Revealed: nation’s 20 youth unemployment hotspots in 201826 March 2018
More than one third of all unemployed people in Australia are aged 15-24, according to a new report mapping the 20 worst "hotspot" regions for youth unemployment in 2018.
The data analysis finds 55 of the total of 87 regions in Australia are burdened by youth unemployment rates above 11 per cent. This stands in contrasts to the overall national unemployment rate of 5.5 per cent, which includes all age groups.
Striking locational differences have emerged. In five regions – all outside capital cities – youth unemployment among 15 to 24 year olds in the labour force surpassed 20 per cent.
"The story of youth employment in our prosperous country has become a tale of two Australias," warns the report by national anti-poverty group the Brotherhood of St Laurence.
The report analyses Australian Bureau of Statistics data to find youth unemployment is at its extreme – more than 65 per cent – in a thinly populated but vast tract of land in the Queensland outback, encompassing Cape York as well as the mining centres of Mount Isa and Weipa.
The Brotherhood of St Laurence’s Executive Director, Conny Lenneberg, said the new report exposed how location was shaping opportunities for young Australians.
"In our prosperous country it’s very worrying when we have more than a quarter of a million young people in the labour force who are unemployed. Youth unemployment hotspots in outer suburbs and rural areas are carrying the heaviest burden," she said.
"The modern economy is creating new risks for Australia’s emerging generation. Disadvantaged young people in particular are facing barriers in their effort to secure work. To meet this challenge, we need action from governments as well tapping into effort of employers in local communities. Stubborn rates of youth unemployment are not just a concern for families or the welfare sector."
20 worst hotspots named
The Brotherhood report, titled 'An unfair Australia? Mapping youth unemployment hotspots', identifies the 20 hotspots that have the highest youth unemployment rates in Australia from ABS data:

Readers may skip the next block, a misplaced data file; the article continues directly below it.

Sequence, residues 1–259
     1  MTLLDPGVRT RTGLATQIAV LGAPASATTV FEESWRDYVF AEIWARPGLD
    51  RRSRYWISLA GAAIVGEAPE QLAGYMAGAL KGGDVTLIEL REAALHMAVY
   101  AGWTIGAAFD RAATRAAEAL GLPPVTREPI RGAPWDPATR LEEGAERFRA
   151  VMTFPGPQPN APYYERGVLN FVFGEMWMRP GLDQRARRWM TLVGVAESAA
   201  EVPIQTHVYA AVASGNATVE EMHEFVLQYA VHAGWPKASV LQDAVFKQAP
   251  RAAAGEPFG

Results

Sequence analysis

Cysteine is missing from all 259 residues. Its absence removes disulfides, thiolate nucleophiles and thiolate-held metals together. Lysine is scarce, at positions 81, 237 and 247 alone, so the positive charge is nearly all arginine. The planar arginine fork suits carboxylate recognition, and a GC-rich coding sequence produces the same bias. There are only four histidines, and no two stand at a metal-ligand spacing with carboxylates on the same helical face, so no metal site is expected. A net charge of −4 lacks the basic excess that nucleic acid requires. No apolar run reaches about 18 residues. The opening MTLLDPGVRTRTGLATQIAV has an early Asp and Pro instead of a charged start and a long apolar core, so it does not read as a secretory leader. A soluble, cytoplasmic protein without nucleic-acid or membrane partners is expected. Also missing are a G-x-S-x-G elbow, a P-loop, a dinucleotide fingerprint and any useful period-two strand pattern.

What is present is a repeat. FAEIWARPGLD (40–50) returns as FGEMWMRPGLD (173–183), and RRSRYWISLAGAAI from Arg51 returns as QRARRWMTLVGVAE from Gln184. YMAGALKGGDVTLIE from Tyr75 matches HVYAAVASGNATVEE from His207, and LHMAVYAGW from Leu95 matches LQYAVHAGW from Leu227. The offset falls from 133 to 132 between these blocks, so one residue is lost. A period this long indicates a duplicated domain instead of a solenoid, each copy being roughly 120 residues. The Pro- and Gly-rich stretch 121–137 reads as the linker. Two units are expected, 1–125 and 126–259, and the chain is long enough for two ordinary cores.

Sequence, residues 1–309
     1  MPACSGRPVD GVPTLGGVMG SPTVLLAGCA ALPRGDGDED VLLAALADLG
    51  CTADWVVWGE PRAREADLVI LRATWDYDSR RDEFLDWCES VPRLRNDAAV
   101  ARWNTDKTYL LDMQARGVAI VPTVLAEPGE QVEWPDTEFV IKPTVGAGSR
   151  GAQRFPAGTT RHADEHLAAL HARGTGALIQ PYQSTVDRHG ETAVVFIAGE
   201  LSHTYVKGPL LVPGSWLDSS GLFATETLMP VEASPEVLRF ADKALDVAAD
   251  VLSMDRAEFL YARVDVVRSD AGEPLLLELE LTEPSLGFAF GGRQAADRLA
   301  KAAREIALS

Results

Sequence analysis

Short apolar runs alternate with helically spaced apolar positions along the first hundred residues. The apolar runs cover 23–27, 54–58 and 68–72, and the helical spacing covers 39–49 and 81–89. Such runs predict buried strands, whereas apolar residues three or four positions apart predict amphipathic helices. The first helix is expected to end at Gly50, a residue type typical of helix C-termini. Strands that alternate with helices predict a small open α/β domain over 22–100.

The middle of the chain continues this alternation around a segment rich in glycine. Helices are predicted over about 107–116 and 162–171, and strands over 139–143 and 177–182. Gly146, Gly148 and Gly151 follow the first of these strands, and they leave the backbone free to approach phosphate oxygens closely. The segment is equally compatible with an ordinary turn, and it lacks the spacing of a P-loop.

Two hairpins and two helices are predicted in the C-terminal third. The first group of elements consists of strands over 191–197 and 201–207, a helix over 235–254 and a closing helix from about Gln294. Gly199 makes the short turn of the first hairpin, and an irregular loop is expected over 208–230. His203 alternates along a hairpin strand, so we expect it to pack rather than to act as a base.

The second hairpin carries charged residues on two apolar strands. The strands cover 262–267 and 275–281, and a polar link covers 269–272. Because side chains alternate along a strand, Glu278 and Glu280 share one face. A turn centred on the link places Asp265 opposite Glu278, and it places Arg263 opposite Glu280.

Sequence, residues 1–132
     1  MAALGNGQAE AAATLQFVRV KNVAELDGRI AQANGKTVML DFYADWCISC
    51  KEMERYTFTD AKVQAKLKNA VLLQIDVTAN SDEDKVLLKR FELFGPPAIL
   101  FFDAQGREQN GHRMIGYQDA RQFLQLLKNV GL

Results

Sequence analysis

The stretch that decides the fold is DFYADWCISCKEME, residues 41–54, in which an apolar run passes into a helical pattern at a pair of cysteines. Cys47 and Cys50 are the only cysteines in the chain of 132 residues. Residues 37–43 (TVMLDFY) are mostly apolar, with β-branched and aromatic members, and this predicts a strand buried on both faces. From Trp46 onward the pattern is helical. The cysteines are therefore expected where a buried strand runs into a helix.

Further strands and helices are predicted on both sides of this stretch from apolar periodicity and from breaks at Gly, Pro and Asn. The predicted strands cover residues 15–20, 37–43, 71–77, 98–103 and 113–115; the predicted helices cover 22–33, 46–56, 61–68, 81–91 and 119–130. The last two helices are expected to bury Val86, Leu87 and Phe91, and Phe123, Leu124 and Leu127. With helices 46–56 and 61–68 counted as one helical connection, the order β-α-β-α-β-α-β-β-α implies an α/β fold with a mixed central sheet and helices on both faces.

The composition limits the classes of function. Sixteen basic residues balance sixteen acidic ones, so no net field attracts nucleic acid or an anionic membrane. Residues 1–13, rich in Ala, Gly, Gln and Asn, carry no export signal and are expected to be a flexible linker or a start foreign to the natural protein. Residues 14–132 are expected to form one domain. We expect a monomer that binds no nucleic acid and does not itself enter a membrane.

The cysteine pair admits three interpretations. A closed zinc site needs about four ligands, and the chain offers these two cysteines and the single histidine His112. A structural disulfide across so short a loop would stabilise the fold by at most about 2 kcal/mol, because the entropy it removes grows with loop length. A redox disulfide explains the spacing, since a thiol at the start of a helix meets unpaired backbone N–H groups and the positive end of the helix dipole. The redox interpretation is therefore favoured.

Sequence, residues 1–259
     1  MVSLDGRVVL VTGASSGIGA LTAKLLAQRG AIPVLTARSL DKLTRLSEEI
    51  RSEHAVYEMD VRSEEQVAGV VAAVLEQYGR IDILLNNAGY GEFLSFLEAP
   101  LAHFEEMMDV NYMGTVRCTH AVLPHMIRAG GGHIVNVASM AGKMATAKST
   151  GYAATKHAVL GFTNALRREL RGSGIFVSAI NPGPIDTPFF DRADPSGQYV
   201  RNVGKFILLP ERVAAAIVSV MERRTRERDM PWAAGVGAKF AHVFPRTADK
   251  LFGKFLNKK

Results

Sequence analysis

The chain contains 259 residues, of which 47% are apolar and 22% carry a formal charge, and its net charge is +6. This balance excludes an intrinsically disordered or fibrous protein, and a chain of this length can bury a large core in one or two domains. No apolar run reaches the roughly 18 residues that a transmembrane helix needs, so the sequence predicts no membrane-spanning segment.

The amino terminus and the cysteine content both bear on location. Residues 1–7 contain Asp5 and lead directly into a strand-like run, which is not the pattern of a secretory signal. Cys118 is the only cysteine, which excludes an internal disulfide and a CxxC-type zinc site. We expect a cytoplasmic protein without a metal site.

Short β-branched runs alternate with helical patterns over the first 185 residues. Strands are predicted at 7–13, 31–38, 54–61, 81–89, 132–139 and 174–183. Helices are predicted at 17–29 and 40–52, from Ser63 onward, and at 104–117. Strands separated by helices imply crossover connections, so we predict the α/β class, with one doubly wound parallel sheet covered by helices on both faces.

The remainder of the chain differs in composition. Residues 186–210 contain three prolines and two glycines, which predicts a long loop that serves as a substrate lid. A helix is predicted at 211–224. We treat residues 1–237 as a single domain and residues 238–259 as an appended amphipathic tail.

- 67.1 per cent in the Queensland-Outback region, including Cape York, Weipa, Mount Isa, Longreach
- 28.9 per cent in the Southern Highlands and Shoalhaven region of NSW, including Nowra, Mittagong, Ulladulla
- 27.7 per cent in the Wide Bay region of Queensland, including Bundaberg, Hervey Bay, Maryborough
- 21.8 per cent in the Tasmania-South East region, including Bruny Island, Southern Midlands, Derwent Valley
- 21.5 per cent in the Murray region of NSW, including Albury, Tocumwal, Jerilderie, Deniliquin
- 19.8 per cent in the Coffs Harbour-Grafton region of NSW, also including Bellingen, Dorrigo
- 18.7 per cent in the Melbourne-West region, including Sunshine, St Albans, Footscray, Melton
- 18.6 per cent in the Central Coast NSW region, including Gosford, Woy Woy, Wyong, The Entrance
- 18.4 per cent in the Adelaide-North region, including Elizabeth, Salisbury, Parafield, Gawler
- 18.1 per cent in the Townsville region in Queensland, also including Ayr, Charters Towers, Ingham
- 17.7 per cent in the Mandurah, WA, region, including Pinjarra
- 17.5 per cent in the Melbourne-North West region, including Keilor, Sunbury, Broadmeadows, Craigieburn
- 17.0 per cent in the Adelaide-West region, including Port Adelaide, Fulham, Henley Beach, Plympton
- 17.0 per cent in the Logan-Beaudesert region in Queensland, also including Beenleigh, Springwood
- 16.9 per cent in the Adelaide-South region, including Brighton, Mitcham, Morphett Vale, Glenelg
- 16.6 per cent in the New England-North West region of NSW, including Armidale, Moree, Tamworth
- 16.3 per cent in the South Australia-South East region, including Victor Harbour, Mount Gambier
- 16.2 per cent in the Bendigo region of Victoria, also including Castlemaine, Kyneton, Heathcote
- 16.1 per cent in the Shepparton region of Victoria, also including Cobram, Yarrawonga, Echuca
- 16.0 per cent in the Perth-North West region, including Joondalup, Stirling, Wanneroo, Scarborough
In these regions higher-than-average youth unemployment rates have stubbornly persisted over time. In 19 of the 20 current hotspots youth unemployment rates had worsened from two years ago, the report finds.
The report also found stark regional differences at the state level, showing that economic conditions are not uniform across states.
The national youth unemployment rate remains more than 12 per cent.
Laurie Oakes joins the Brotherhood’s campaign for youth employment
In a guest column written for the Brotherhood’s Youth Unemployment Monitor out today, leading journalist Laurie Oakes said that the youth unemployment rate was more than double the overall rate "should be a matter of enormous concern".
More weight should also be given to the future wellbeing of young Australians in all debates about spending on their elders, he argues.
"Things are already much tougher for the emerging generation – the generation that includes my grandchildren – even at the basic level of finding a productive place within society."